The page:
A truck driver from Georgia, Rochester wanted to fix his wife's undocumented immigration status and put her on track to become an American citizen, like him and their son Ashton, now 8. They even agreed that she would leave for Mexico voluntarily in 2018, expecting she would soon be permitted to re-enter the country with legal papers.
They were wrong. Even when Ashton went through a year of treatment for kidney cancer, Trump administration officials did not relent, finding no compelling reason to let his mother in. Rochester stopped pleading.
Now, based on encouraging moves by President Joe Biden in a handful of deportations, Rochester is preparing a new application to try again.
That's because the Biden administration, with little public fanfare, is working on plans for an organized review of thousands of cases of people who say they were unjustly deported in recent years, senior officials in charge of immigration said.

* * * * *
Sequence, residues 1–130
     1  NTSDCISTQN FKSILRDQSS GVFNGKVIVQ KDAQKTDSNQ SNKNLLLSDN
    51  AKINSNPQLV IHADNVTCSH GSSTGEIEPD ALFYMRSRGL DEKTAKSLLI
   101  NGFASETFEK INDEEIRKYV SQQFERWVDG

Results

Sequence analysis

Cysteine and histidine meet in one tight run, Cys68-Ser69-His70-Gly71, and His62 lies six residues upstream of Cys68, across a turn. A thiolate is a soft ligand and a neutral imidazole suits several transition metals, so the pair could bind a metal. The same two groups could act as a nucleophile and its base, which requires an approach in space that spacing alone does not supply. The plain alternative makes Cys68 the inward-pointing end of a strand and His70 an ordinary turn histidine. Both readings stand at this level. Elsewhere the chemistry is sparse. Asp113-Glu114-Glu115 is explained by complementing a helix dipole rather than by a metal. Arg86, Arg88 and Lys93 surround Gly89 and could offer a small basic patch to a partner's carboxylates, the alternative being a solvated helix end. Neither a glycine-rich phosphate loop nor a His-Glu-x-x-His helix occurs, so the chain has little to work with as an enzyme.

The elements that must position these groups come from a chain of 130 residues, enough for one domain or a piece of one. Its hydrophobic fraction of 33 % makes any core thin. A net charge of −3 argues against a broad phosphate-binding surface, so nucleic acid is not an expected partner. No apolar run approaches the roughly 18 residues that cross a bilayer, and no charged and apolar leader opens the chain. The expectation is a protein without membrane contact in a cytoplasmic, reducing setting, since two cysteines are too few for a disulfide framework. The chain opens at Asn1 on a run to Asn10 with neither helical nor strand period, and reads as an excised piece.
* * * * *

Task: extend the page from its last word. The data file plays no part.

Legal scholars said a process that resulted in returns of significant numbers of deported people would be highly unusual in American immigration law. Until now, undoing deportations has generally required arduous legal battles in exceptional cases, and returns have been infrequent.
The Department of Homeland Security "is committed to reviewing the cases of individuals whose removals under the prior administration failed to live up to our highest values," said Marsha Espinosa, a spokeswoman for the agency. She confirmed officials are ...